California Gets a New Plan for Clean(er) Air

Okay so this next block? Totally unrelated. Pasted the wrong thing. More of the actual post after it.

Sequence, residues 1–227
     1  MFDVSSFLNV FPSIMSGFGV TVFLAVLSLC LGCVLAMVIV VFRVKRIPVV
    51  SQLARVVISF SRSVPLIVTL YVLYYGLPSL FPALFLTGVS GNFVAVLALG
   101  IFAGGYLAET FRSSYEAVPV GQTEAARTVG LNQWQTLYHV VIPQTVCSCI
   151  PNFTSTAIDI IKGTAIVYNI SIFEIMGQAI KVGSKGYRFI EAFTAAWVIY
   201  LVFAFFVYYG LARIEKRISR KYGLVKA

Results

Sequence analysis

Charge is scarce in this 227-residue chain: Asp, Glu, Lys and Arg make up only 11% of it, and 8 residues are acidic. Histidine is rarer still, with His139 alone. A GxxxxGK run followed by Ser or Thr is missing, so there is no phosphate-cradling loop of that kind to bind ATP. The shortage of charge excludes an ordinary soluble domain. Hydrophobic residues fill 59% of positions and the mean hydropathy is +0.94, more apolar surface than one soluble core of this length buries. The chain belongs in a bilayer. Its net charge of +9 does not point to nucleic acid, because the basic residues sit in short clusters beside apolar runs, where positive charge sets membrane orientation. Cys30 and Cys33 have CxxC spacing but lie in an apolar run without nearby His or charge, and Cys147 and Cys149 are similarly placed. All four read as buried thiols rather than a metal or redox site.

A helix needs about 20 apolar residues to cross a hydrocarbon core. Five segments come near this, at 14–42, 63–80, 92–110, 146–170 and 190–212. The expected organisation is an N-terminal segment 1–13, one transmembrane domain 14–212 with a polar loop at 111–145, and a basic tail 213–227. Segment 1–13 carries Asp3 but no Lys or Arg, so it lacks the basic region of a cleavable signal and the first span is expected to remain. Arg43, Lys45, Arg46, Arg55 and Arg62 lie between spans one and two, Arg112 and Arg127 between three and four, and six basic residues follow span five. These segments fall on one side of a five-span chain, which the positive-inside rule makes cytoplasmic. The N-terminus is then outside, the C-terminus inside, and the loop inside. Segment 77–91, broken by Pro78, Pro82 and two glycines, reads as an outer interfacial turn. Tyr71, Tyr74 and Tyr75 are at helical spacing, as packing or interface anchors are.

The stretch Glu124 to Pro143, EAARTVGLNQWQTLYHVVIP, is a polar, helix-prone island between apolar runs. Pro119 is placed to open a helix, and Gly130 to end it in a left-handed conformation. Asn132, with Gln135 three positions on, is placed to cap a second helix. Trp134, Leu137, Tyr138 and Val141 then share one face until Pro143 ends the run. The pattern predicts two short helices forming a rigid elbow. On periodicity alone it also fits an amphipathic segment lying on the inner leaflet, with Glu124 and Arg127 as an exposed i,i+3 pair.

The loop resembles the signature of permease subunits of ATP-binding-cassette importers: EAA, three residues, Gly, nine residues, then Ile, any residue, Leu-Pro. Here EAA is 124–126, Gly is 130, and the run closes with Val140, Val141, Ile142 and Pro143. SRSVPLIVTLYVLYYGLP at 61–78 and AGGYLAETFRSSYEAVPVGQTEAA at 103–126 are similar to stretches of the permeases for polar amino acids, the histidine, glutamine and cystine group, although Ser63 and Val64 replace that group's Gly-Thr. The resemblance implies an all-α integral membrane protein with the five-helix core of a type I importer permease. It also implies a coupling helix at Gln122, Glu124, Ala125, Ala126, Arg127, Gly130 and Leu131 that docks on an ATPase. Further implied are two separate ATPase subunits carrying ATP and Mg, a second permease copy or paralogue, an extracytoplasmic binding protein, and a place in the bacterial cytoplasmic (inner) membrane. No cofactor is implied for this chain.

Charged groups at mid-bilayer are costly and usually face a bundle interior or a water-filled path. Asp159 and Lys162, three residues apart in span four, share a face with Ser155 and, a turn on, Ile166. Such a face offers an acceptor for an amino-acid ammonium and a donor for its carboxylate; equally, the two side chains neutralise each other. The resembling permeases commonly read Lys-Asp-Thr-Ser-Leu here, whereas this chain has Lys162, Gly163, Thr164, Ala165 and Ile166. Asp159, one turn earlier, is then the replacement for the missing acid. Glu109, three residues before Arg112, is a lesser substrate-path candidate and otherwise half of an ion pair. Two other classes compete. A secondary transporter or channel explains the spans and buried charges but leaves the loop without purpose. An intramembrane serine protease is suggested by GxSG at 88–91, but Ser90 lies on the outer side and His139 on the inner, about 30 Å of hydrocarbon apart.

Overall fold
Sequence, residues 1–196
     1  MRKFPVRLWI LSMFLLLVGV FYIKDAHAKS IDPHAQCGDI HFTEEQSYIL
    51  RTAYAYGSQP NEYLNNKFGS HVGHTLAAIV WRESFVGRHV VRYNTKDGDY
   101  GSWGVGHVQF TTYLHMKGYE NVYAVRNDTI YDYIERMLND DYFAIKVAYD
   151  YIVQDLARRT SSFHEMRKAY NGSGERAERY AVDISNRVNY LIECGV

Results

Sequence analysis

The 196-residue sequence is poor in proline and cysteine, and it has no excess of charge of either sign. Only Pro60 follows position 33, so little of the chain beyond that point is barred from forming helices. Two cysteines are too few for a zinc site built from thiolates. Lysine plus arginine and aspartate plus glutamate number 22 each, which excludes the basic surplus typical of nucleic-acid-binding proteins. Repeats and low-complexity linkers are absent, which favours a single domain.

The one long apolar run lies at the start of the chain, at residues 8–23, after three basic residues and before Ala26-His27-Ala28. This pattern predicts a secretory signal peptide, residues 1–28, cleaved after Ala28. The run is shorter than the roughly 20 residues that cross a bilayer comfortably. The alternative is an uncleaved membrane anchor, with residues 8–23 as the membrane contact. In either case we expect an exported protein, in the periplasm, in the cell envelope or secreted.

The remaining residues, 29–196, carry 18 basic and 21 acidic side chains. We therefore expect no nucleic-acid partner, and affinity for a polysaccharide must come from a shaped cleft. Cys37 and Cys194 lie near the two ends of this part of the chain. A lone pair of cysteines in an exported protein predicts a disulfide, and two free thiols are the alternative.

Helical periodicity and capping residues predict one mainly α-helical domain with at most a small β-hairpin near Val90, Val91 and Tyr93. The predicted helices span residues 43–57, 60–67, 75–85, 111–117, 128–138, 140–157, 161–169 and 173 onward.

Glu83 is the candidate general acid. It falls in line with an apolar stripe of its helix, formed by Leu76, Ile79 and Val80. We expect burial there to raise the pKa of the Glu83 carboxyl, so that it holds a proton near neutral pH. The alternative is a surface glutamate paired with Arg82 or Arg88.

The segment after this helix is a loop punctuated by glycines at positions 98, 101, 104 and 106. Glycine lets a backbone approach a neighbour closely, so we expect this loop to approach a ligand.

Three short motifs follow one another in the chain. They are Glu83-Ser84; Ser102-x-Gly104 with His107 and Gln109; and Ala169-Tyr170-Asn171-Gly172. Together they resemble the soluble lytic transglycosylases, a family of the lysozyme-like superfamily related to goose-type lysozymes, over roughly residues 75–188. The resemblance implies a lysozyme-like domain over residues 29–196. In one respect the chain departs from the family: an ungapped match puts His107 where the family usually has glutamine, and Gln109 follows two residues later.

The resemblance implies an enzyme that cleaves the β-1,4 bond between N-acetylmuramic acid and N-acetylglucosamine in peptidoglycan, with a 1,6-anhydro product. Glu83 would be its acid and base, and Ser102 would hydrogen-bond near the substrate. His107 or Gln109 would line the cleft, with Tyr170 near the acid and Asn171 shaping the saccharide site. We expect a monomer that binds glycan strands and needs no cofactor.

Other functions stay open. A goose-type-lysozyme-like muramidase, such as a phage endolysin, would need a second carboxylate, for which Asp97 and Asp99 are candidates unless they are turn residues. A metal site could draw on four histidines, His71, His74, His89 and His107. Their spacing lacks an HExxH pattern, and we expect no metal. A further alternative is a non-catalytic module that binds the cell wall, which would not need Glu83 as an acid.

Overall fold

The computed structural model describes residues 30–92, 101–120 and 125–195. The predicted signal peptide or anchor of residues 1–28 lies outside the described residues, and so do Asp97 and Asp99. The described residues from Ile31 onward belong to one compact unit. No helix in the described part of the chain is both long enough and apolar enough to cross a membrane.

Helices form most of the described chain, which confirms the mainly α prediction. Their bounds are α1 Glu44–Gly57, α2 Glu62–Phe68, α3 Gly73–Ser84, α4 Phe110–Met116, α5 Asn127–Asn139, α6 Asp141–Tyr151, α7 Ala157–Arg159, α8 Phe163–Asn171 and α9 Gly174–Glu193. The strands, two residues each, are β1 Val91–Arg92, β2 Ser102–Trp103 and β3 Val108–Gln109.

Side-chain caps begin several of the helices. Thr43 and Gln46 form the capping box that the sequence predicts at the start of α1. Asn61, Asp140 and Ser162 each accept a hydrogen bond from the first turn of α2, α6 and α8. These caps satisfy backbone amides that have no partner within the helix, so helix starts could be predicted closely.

Southern California should get cleaner air under new regulations approved yesterday by the state Air Resources Board — although not as clean as required by federal law. The region’s air quality has been improving steadily since the 1970s, but recent years have seen a resurgence in ozone, the main component of smog. The new regulations lay the groundwork for cutting smog-forming emissions by 120 tons per day by 2008 and seek authority and funding from the state legislature to reduce emissions by an additional 66 tons per day. The plan also outlines new standards and controls for consumer items, heavy-duty diesel trucks, old cars, and off-road engines. Environmentalists called the heavily contested plan a step in the right direction — but only a step. The current regulations mark the last time the air board can revise its strategy to meet a 2010 federal deadline by which ozone must be reduced to approved levels. Failure to reach that deadline could result in billions of dollars of lost highway funds and other economic sanctions.